Charlie Kaufman’s debut isn’t so much a novel as an experience

Brief reviews of Antkind, Retreat from Revolution by Mary Kotsonouris, Feminist City by Leslie Kern and Women’s Ordination in the Catholic Church by Fr John O’Brien

Director and author Charlie Kaufman. Photograph: Ilya S. Savenok/Getty Images.

Director and author Charlie Kaufman. Photograph: Ilya S. Savenok/Getty Images.

 

Antkind
By Charlie Kaufman
4th Estate, £18.99
Screenwriter Charlie Kaufman is infamous for his existential, surrealist film scripts and at the risk of sounding pretentious, his weighty literary debut isn’t so much a novel as an experience. Film critic B. Rosenberger Rosenberg discovers what he believes to be the cinematic work of a generation, only to destroy it in his attempts to unveil it to the world. Reading Antkind is exhausting; Kaufman’s cultural references are as niche as they are relentless, his central protagonist as affected as his premise. But it demands to be read, even as it threatens to melt the reader’s brain. The inexorable truth doesn’t emerge because it’s there to be seen from the beginning, even though the reader only knows where to look for it by the end; all art is a representation of life, and it is always filtered through something before it reaches us. Becky Long

Retreat from Revolution: The Dáil Courts 1920-24
By Mary Kotsonouris
Irish Academic Press, €18.95
Aimed at the general reader, this excellent book explains the Dáil Courts’ importance in the lives of the people who used them and is based on contemporary sources. It traces their genesis in the local “Sinn Féin Courts” established in response to serious agrarian violence in the west of Ireland which spread quickly. People turned away from the established courts to use the new courts and by June 1920, the Dáil moved to initiate its own hierarchy of civil and criminal courts. Although the courts were “shining proof that the Irish were capable of governing themselves”, they were of much more importance to the thousands who resorted to them to solve everyday disputes; they provided cheap and immediate access to justice. Civil War tensions between the courts and the executive led to their winding up. Brian Maye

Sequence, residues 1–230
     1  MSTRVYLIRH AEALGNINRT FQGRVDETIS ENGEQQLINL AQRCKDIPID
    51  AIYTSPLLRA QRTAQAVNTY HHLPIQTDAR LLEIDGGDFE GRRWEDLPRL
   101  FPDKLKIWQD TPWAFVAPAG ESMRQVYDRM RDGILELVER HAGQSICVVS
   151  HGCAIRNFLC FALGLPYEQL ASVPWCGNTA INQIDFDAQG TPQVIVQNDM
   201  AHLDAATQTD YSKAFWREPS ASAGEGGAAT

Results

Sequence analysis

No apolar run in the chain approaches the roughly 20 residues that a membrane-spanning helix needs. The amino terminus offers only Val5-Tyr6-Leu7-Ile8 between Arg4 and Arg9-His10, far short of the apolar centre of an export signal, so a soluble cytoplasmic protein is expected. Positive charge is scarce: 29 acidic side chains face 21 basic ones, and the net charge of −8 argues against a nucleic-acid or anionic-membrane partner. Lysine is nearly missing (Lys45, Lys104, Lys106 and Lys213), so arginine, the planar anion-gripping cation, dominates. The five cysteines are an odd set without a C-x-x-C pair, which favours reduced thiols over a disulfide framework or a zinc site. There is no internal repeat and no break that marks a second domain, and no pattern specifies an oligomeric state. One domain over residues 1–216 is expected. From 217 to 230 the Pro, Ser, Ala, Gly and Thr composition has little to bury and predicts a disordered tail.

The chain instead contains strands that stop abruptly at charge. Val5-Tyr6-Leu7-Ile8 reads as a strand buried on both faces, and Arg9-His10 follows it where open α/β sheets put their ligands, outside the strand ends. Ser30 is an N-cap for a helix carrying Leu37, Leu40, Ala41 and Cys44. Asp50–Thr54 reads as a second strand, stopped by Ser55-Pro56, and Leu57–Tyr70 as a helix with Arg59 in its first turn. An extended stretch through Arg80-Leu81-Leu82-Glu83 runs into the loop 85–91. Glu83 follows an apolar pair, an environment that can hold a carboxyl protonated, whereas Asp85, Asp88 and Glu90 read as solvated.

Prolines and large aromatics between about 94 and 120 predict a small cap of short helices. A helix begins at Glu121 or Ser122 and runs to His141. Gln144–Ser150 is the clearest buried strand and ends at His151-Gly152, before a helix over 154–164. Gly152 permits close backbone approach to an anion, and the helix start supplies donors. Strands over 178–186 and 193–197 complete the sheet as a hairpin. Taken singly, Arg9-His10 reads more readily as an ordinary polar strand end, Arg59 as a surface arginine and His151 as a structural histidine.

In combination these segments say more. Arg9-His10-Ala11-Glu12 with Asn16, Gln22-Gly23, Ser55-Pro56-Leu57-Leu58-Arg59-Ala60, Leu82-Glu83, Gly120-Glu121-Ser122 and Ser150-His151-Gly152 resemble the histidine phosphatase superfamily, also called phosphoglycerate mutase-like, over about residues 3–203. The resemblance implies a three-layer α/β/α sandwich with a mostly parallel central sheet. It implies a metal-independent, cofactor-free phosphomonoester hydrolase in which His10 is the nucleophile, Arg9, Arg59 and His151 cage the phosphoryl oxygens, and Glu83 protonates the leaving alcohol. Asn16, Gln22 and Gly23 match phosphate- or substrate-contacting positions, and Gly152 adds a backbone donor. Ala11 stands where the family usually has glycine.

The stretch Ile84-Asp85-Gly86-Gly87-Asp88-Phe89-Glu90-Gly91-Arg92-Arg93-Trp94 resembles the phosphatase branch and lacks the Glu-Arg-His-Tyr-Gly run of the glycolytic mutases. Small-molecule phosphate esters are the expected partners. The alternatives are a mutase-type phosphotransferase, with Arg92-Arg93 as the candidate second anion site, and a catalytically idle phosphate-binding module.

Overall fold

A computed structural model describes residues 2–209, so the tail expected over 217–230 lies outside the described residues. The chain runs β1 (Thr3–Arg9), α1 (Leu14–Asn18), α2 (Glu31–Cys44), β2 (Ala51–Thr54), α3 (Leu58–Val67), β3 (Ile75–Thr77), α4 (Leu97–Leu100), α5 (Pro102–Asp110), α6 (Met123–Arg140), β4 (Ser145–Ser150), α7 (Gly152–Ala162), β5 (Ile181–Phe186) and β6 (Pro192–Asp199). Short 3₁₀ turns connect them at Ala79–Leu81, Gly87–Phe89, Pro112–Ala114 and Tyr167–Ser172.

Feminist City: Claiming Space in a Man-Made World
By Leslie Kern
Verso, £7.99
A day after Leslie Kern’s book ‘Feminist City, Claiming Space in a Man Made World’ arrived, a friend posted a photo showing solid Victorian bollards blocking her child’s buggy’s entrance into the joys of the Phoenix Park. Hah! Kern’s belief that our Western cities are ‘patriarchy written in stone, brick, glass and concrete’ made manifest. With more of us living in cities, more women in the city as workers, Mums, teenagers, the politics of our city’s construction is key, how women are enabled to claim, and enjoy, public space. It’s not so long ago that a woman having a coffee on her own would be considered fair game by men assuming her public aloneness signalled she wanted company. Aside from coffee drinking white/cis/able bodied women, what of the needs of the marginalised? Women of colour, disabled women, women from poorer backgrounds. Who speaks for them? And then of course rape. How many city planners acknowledge women’s right to walk, take public transport, party, without fear of assault? When 1980’s female urban planners first argued for safety for women in cities they were laughed at; what do you want us to do ‘pave the parks?’ So much to digest here - cities old and new, politics old and new. Rosita Sweetman

Women’s Ordination in the Catholic Church
By Fr John O’Brien
Cascade Books, €22
Fr John O’Brien, a Spiritan priest and professor of theology at Durham University has produced a thorough and exhaustive demolition of ongoing arguments against women priesthood in his church. He persuades, effectively, that this practice cannot be sustained and is rooted in later prejudices rather than the ministry of Jesus.

His book will appeal to the converted but, most likely, will be dismissed by those opposed. Plus ca change! Those with more open minds, however, are likely to be persuaded to his view.

Sadly, that is likely to make little difference to current Vatican practice, where the issue is hardly discussed and where even the matter of women deacons has been long-fingered to yet another committee. This, in an institution where there has been no progress either on the somewhat less controversial rule of mandatory celibacy for priests. But well marshalled arguments such as those presented here by Fr O’Brien cannot continue to be ignored by the Church without it being seen as increasingly irrelevant in wider society and irredeemably intransigent before the signs of the times.

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